Our Christmas tradition (now that my family is in Australia), involves going to the in-laws for brunch/lunch. We deliberately have this get-together be a potluck affair, with different members delegated/volunteering to bring different dishes.
We don't give gifts to the adults either, just to the children. It's supposed to be a fun time for all, not a fun time for everyone except for the one person doing all the cooking & stressing out.
Oh nice one. And yay for the win!
Thank you Russell.
I think you're being too hard on yourself. It looks appealing to me.
I tautoko the other commenters who suggest using birdseye chillies for that extra heat. If you can't find them fresh, I have seen them sold frozen in Asian supermarkets. (I've actually got half a bag in my freezer)
Wrote a comment that got swallowed by the site which basically said that texture is an important component of food which isn't as appreciated.
And that it's a personal preference sort of thing. Using the example of rice congee a.k.a. rice porridge which is a comfort for me & most definitely not for my spouse. Even though rice congee itself comes in a range of viscosity (from a watery soup with grains of rice in it, to a thick porridge).
But more erudite.
Thank you for sharing.
I've had cassava (in Malaysia it's called tapioca), but never like this. In savoury dishes it can be used as a thickening agent, but mostly I've had it as sago, or in cakes like this one.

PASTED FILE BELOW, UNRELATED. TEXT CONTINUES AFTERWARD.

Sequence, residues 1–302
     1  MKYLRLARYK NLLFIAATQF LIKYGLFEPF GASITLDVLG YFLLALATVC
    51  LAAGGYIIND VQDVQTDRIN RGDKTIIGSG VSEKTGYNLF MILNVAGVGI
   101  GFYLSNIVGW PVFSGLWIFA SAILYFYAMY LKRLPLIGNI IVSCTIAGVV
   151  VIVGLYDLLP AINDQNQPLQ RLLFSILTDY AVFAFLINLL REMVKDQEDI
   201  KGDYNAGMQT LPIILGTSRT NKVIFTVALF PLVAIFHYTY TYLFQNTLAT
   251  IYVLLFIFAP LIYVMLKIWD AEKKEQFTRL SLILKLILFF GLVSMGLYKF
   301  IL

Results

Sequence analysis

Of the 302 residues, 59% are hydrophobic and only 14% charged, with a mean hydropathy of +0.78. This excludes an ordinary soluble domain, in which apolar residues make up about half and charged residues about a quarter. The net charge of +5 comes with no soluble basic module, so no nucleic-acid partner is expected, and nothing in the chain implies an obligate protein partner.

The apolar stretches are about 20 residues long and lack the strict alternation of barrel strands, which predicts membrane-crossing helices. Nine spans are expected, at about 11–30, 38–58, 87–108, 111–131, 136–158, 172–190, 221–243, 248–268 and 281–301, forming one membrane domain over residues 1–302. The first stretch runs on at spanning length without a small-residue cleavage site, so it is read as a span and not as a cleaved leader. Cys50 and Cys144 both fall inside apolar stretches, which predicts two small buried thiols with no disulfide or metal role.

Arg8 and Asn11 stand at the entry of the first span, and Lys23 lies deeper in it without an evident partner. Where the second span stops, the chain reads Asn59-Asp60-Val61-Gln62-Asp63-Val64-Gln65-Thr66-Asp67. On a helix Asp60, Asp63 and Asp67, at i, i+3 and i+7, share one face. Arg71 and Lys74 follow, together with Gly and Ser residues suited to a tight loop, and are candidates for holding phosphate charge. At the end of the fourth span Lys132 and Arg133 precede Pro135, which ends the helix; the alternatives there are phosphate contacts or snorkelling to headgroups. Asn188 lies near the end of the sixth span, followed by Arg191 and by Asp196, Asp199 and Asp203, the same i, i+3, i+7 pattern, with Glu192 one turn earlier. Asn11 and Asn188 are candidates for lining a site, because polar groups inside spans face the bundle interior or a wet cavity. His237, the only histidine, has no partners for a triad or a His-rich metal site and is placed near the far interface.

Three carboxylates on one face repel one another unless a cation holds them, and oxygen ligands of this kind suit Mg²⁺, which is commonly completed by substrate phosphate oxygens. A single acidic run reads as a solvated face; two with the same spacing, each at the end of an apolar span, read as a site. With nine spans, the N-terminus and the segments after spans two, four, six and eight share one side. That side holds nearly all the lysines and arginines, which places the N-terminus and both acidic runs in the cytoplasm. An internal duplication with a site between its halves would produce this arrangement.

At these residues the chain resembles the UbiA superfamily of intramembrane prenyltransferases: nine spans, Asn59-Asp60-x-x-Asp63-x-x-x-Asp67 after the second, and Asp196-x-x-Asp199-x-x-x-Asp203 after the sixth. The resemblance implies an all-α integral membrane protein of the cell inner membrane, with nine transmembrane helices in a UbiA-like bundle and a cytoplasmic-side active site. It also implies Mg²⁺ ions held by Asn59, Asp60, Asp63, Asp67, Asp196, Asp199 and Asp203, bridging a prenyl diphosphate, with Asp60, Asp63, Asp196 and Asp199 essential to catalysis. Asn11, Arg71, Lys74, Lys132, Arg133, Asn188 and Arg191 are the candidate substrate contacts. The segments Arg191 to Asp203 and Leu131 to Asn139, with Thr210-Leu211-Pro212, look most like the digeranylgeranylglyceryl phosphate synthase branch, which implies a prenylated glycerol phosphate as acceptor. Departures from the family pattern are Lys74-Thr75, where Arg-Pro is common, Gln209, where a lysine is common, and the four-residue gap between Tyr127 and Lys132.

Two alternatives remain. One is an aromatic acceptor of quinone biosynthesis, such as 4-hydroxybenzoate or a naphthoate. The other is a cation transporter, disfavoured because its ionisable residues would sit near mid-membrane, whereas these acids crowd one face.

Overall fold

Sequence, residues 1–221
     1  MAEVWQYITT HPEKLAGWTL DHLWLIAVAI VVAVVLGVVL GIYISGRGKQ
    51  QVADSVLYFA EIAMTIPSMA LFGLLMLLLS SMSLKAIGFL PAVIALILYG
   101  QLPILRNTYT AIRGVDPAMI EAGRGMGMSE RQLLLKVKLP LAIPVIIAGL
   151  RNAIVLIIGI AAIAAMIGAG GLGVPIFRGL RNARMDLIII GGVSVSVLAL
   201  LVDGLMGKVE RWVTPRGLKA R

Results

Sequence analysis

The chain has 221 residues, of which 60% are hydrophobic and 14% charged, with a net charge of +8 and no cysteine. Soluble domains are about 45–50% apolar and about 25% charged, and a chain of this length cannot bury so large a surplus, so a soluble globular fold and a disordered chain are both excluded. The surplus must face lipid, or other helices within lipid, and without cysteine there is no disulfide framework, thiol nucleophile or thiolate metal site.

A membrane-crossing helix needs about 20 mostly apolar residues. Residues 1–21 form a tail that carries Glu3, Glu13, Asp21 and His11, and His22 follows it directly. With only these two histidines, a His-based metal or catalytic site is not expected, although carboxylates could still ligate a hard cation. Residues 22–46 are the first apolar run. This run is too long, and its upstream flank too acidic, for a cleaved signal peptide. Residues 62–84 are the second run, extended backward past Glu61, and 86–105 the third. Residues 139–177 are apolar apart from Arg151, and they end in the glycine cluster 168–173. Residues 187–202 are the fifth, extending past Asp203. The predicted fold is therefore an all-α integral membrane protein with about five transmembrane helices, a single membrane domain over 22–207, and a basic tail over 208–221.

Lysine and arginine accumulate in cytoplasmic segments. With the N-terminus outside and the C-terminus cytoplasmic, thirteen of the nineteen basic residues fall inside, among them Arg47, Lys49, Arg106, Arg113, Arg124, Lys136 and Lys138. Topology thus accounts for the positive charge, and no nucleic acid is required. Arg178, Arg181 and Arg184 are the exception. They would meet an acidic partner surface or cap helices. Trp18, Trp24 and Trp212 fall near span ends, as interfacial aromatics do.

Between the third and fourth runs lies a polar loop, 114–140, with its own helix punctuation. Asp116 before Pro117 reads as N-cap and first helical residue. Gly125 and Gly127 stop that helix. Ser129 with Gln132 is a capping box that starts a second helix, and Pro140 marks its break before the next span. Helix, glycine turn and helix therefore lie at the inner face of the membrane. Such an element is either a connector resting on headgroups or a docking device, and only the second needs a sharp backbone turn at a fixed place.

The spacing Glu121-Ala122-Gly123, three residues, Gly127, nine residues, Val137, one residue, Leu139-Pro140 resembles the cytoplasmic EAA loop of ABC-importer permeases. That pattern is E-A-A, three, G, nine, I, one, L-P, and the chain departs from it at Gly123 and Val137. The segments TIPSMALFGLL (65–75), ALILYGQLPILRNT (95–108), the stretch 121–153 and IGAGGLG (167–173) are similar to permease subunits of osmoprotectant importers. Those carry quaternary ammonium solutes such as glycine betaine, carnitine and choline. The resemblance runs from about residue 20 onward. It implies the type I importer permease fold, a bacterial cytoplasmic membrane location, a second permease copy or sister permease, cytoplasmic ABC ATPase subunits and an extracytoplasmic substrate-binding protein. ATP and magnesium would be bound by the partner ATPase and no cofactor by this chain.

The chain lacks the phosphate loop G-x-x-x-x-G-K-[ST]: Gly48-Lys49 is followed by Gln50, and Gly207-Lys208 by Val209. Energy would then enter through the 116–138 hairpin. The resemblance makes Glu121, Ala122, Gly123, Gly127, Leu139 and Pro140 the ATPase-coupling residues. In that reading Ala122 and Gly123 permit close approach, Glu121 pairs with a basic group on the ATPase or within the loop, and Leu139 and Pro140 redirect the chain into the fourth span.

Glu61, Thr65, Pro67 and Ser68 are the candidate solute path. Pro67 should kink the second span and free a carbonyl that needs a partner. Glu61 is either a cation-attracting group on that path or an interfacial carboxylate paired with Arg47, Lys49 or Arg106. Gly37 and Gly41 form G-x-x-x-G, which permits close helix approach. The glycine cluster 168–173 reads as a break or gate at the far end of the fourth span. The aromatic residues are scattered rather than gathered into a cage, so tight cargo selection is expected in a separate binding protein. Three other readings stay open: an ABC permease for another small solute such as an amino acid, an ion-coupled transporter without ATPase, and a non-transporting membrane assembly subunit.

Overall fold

Cooked up with just water, it's a gluey flavourless paste. I can understand why it's not at all appealing. I see from a quick search that it's a bit like rice*; bland on its own but serves as a source of carbohydrates. And is typically served with other (more flavourful) dishes.
*Given a choice, I wouldn't eat rice on its own either.
We don't respond well to criticism, especially if it is valid criticism that pierces the illusion that everything is wonderful in NZ.
(It's not just locals that get the grief. Remember the time Kevin Sorbo copped flak for daring to suggest that it can rain a lot in Auckland?)
"reminds him of British comfort cooking circa 1968"
I kind of agree in that if you squint, it's not entirely wrong. But it misses the bigger picture: NZ food incorporates a much wider diversity of influences.
For me, a key characteristic is that we "borrow" from cuisines and tweak to the local palate, with little regard for culinary boundaries. Like the "Malaysian" place that serves Vietnamese coffee, or any number of pan-Asian fusion eateries around these days. I include the "butter chicken pie" as part of that borrowing & tweaking.
Even at home, what we eat can be diverse (what I cook at home is diverse but I'm probably an outlier). One only has to look at what's available from supermarkets: ingredients from many many cuisines are available, and many items are not segregated to the "international foods" aisle either which suggests to me just how mainstream they have become. Contrast that with what you might see on supermarket shelves in e.g. Italy, where you can get a wide range of ingredients, so long as it is Italian (slight exaggeration).